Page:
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|5/31: Under the Shadow of Trump, Dismantling Obama’s Deportation Machine (2)
Released 12 June 2017  By Sarah Lazare – In These Times
Under the Shadow of Trump, Dismantling Obama’s Deportation Machine
Communities are fighting back against an immigrant prison in rural Georgia.
Sarah Lazare – In These Times
May 31, 2017
(....from Part One)
As recently as this month, a federal judge ruled that Stewart can force-feed Vitaly Novikov, a 61-year-old detained Ukrainian man, who had been waging a hunger strike. The forced feeding of people incarcerated in Guantanamo Bay was condemned as torture by the United Nations’ human rights office in 2013.
Also this month, Stewart was named as one of the facilities in an American Civil Liberties Union (ACLU) lawsuit seeking information about abuse and retaliation targeting hunger strikers in ICE facilities, including forced feeding and solitary confinement. “ICE has refused to turn over documents related to hunger strikes,” Carl Takei, an attorney with the ACLU’s National Prison Project, said in a press statement about the suit, adding: “We want to know just how widespread the abuse is.”
Fighting to save lives
Despite support from the outside, some people do not survive their ordeals. Jean Jimenez-Joseph, the 27-year-old Panamanian national who committed suicide at Stewart, died after nearly three weeks of solitary confinement. El Refugio, an organization close to Stewart that supports separated families, reports that, the day before Jimenez-Joseph took his life, a volunteer tried to visit him but was “turned away because of the conditions of his segregation (solitary confinement).”
Bryan Cox, a spokesman for ICE, confirmed to In These Times that Jimenez-Joseph was in “disciplinary segregation” for 19 days preceding his death, adding that his “treatment was in full accordance with agency’s detention policy.” He said he did not know how many people at Stewart are subjected to prolonged solitary confinement.
Investigations are underway in the recent deaths in ICE custody in Georgia, Cox claimed. CoreCivic and the warden’s office at Stewart did not immediately return requests for comment.
However, studies suggest that ICE cannot be trusted to investigate itself. A 2016 report released by the ACLU, Detention Watch Network and the National Immigrant Justice Center found that ICE’s violation of its own medical care standards contributed to at least eight in-custody deaths between 2010 and 2012. Instead of instating policies that could review deaths in the future, ICE failed to properly inspect such deaths and its own violations, the report found.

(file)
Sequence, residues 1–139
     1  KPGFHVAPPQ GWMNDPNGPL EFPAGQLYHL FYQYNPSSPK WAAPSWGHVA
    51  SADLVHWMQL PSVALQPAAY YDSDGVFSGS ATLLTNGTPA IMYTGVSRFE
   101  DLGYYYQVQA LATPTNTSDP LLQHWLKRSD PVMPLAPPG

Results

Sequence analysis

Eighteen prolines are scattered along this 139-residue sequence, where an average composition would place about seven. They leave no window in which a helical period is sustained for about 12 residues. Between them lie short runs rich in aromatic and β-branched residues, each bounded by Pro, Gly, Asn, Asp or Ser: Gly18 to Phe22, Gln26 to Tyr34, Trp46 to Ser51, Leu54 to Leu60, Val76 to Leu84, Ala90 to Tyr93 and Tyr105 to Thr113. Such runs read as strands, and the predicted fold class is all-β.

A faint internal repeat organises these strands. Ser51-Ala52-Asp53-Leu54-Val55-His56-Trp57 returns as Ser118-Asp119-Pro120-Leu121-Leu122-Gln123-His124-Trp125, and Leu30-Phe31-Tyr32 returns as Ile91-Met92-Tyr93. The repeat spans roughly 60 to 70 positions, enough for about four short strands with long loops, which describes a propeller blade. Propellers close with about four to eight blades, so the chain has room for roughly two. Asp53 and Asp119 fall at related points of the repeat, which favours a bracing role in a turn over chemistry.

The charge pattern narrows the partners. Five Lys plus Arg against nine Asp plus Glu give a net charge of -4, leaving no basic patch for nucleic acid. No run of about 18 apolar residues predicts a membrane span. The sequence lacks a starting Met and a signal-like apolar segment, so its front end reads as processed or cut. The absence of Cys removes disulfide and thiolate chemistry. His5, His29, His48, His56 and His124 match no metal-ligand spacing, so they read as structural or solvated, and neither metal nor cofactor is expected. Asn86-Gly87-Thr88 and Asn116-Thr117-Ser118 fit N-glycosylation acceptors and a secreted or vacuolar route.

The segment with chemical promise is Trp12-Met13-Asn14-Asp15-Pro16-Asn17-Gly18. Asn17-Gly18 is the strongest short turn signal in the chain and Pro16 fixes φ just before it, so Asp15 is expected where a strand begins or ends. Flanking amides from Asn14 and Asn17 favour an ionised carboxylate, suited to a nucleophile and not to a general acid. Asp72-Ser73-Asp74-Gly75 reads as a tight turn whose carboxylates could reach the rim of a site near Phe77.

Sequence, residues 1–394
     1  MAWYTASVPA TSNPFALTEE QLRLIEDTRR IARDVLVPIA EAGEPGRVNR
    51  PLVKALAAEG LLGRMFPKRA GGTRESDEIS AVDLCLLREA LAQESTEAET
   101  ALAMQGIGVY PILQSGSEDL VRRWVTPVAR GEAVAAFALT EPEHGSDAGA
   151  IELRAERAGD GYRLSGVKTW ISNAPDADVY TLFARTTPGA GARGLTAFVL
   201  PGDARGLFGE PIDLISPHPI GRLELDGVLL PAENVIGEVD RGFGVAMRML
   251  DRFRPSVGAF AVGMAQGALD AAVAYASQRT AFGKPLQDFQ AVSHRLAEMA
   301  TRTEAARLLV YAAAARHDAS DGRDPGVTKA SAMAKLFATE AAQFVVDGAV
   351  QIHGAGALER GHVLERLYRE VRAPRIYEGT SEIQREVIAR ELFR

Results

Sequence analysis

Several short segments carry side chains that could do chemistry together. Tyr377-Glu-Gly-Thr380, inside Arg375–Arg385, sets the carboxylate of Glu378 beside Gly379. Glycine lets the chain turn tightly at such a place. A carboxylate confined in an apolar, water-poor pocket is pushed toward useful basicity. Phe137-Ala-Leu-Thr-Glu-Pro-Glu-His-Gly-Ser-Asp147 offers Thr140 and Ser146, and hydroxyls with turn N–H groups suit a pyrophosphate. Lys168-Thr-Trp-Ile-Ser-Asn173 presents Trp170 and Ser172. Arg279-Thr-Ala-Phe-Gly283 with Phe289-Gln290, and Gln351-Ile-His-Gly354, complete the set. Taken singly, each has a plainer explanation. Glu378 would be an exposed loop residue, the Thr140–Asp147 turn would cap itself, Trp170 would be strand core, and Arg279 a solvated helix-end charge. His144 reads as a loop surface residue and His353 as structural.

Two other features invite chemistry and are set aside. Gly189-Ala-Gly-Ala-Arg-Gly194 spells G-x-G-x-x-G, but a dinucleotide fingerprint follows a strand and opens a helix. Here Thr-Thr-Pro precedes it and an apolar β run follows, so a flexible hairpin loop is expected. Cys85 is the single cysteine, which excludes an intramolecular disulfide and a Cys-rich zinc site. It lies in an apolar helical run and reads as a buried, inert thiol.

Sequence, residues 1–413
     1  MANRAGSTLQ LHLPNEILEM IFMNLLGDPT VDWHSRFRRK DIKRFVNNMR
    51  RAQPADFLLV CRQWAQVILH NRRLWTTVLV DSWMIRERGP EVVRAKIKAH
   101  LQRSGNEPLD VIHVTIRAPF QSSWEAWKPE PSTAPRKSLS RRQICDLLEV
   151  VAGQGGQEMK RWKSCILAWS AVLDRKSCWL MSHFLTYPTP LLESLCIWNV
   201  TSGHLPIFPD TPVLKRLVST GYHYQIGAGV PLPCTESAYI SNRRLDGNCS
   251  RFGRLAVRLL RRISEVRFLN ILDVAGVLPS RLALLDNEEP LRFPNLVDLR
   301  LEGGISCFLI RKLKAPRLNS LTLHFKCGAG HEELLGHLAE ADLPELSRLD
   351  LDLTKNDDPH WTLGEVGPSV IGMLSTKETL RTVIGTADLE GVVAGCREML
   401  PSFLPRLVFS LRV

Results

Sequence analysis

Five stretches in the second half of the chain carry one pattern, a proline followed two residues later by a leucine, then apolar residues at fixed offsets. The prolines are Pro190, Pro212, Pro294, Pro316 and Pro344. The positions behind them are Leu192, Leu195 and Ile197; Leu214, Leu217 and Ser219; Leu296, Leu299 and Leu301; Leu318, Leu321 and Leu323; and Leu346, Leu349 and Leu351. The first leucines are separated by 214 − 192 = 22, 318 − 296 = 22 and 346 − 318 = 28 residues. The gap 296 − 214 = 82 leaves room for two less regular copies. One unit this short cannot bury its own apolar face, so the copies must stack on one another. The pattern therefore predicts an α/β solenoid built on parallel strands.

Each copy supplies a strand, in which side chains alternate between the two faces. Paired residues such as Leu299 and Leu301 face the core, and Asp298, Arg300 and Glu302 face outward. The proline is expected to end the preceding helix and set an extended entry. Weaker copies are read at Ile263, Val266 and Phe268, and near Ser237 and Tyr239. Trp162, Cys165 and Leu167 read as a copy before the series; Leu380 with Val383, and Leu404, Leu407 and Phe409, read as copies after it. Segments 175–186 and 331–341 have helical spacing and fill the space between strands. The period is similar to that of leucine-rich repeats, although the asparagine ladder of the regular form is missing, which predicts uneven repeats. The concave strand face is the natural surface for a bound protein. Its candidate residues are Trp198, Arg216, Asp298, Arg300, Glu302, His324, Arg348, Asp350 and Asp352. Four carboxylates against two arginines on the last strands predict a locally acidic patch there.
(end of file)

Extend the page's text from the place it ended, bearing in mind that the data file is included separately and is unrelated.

Meanwhile, those targeted by multiple systems of oppression pay the greatest price.
“We know that black immigrants are more likely to be in prison and detained by immigration because of this,” said Thompson. “We see it with people of color experiencing mass incarceration and criminalization on a grand scale. We definitely want to uplift and call for there to be some sort of change or reform in how our system is. Incarcerating more people is not the solution.”
Thompson’s assertions are confirmed by a recent report, which notes that black people in the United State are far more likely to be arrested and imprisoned, meaning they are also more likely to be targeted by immigration enforcement.
Thanks to long-term organizing led by communities on the front lines of such oppression, movement infrastructure for resistance already exists. Throughout the Obama years, community organizations and family members mobilized outside immigrant detention centers across the country, staging vigils, protests and public pressure campaigns to support those on the inside. In December, protesters shut down an intersection in Harrisburg, Pennsylvania, to demand the closure of the Berks County Family Detention Center and call attention to mothers forced to spend the holidays incarcerated with their children.
Such direct support efforts take place in cities and rural areas alongside a revitalized push to expand sanctuary nationwide, to include safety from police as well as ICE, and to mobilize communities to participate in direct defense against deportations.
“We do visitation, we amplify their stories with press statements, and we base our demands on what people inside detention centers are asking,” Azadeh Shahshahani, legal and advocacy director at Project South, told In These Times. “The only way you can really address the issue at a fundamental level is to shut [immigrant detention centers] down. We definitely feel that we’re part of larger movements to end mass incarceration and the targeting of black and brown people.”
This article is part of the Resister’s Digest series, aimed at amplifying the stories of front-line communities organizing in the era of Trump.
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